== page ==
Placing treated articles on the UK market
Brexit: Transition period
The UK has now left the EU. Your health and safety responsibilities have not changed in the transition period.
This page provides information on the requirements, including transitional measures, for treated articles under the EU Biocides Regulation 528/2012 (EU BPR).
The EU Biocides Regulation 528/2012 (EU BPR) contains provisions which apply not only to biocidal products but also to all articles, which have been treated with or incorporate a biocidal product.
In particular, articles can only be treated with active substances which have been approved in the EU for that purpose. This is a significant change to the previous requirements under the Biocidal Products Directive (BPD), where articles imported from outside the EU could be treated with substances not allowed in the EU.
What is a treated article?
Article 3 of the EU Biocides Regulation 528/2012 (EU BPR) defines a treated article as “any substance, mixture or article which has been treated with, or intentionally incorporates, one or more biocidal products”.
Premises or containers used for storage or transport which are treated with biocidal fumigants or disinfectants and where no residues are expected to remain, are not considered to be treated articles.
Complex articles (eg a sofa) are affected even if only one component of the end article contains a biocide (eg a preservative in the wooden frame of sofa).
The table below gives examples of the HSE current view of what is a treated article and what is a biocidal product, this could be subject to change if further guidance is published at the European level.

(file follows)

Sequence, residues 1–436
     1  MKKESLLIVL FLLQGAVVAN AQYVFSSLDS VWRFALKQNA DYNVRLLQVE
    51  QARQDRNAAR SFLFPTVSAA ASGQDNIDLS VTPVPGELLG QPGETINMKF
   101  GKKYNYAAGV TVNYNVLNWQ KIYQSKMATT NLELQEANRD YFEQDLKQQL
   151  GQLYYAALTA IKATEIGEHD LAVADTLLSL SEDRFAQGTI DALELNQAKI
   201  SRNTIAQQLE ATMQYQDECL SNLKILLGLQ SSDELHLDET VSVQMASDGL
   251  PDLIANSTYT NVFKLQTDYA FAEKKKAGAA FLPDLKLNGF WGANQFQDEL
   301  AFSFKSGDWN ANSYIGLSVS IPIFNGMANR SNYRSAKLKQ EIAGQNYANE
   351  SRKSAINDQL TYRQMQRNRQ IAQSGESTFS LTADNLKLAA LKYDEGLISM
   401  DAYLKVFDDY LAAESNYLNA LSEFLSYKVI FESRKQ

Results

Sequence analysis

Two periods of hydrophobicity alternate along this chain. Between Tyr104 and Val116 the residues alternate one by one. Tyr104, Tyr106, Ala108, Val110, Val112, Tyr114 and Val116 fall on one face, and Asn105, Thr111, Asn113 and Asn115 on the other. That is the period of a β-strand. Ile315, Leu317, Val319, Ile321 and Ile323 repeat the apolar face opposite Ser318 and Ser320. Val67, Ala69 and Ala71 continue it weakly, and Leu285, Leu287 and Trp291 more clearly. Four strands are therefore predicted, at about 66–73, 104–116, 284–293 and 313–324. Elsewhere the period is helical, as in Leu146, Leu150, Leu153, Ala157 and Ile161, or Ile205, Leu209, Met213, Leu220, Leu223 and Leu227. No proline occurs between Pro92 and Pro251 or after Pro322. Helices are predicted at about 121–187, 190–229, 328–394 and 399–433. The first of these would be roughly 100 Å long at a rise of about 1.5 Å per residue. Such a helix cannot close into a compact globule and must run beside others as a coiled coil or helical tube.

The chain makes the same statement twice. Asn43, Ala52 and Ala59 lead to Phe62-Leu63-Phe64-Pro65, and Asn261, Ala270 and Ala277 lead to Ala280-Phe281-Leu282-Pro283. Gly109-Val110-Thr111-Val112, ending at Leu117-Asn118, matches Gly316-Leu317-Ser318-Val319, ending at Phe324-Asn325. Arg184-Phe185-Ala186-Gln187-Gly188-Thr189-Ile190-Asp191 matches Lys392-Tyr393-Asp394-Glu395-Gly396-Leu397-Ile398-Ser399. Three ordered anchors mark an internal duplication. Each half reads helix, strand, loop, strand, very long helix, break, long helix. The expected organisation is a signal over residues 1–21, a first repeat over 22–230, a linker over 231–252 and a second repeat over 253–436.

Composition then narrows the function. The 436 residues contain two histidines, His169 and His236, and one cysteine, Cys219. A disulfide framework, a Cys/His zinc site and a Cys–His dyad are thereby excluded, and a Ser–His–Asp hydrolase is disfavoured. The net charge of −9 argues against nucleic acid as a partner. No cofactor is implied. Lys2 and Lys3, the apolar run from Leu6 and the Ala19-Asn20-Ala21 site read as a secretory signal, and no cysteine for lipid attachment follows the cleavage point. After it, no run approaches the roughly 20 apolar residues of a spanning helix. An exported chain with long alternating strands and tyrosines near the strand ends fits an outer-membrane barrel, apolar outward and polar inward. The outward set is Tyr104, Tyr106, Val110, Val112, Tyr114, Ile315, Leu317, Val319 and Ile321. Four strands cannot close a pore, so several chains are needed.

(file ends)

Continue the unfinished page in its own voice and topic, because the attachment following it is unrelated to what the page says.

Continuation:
|Type of article||Treat article or biocidal product|
|Article treated with/incorporates a biocide (e.g. a wooden bench painted with wood preservative) with the sole intention of controlling organisms harmful to the treated article/material itself||Treated Article must comply requirements in Article 58 of EU Biocides Regulation 528/2012|
|Article is treated with/incorporates a biocide and the primary function of the article is not as a biocide (e.g. odour free/ stay fresh antibacterial sock)||Treated Article must comply requirements in Article 58 of EU Biocides Regulation 528/2012|
|Article is treated with /incorporates a biocide and the primary function of the article is as a biocide (e.g. antibacterial wipe)||Biocidal product which requires authorisation|
What are the requirements for treated articles?
The requirements for treated articles can be found in Article 58 of EU BPR and these apply to treated articles that are not themselves biocidal products. If an article is considered to be a biocidal product in its own right – so if the treated article has a primary biocidal function – then it will have to comply with the requirements for biocidal products, details of which are on our making products available on the market page.
EU BPR prohibits placing on the market of the treated article unless all active substances in the biocidal product it was treated with/incorporates are Approved for relevant Product Type and use under EU BPR, and any specified conditions or restrictions of relating to the active substances are met.
Manufacturers, importers or others who place treated articles on the market may also have to include specific information on labels on the treated articles they place onto the market.
Finally, anyone supplying treated articles on the market must provide, free of charge when requested, information on the biocidal treatment of the treated article. This information must be provided within 45 days (Article 58 (5).
Labelling Treated Articles - when do you have to label and what information should be included on the label?
Manufacturers, importers or others who place treated articles on the market are required to label treated articles when:
- they make a claim that the treated article has biocidal properties
- the conditions of the approval of the active substance(s) use to treat the article require specific labelling provisions to protect public health or the environment
The label on a treated article must then contain the following information: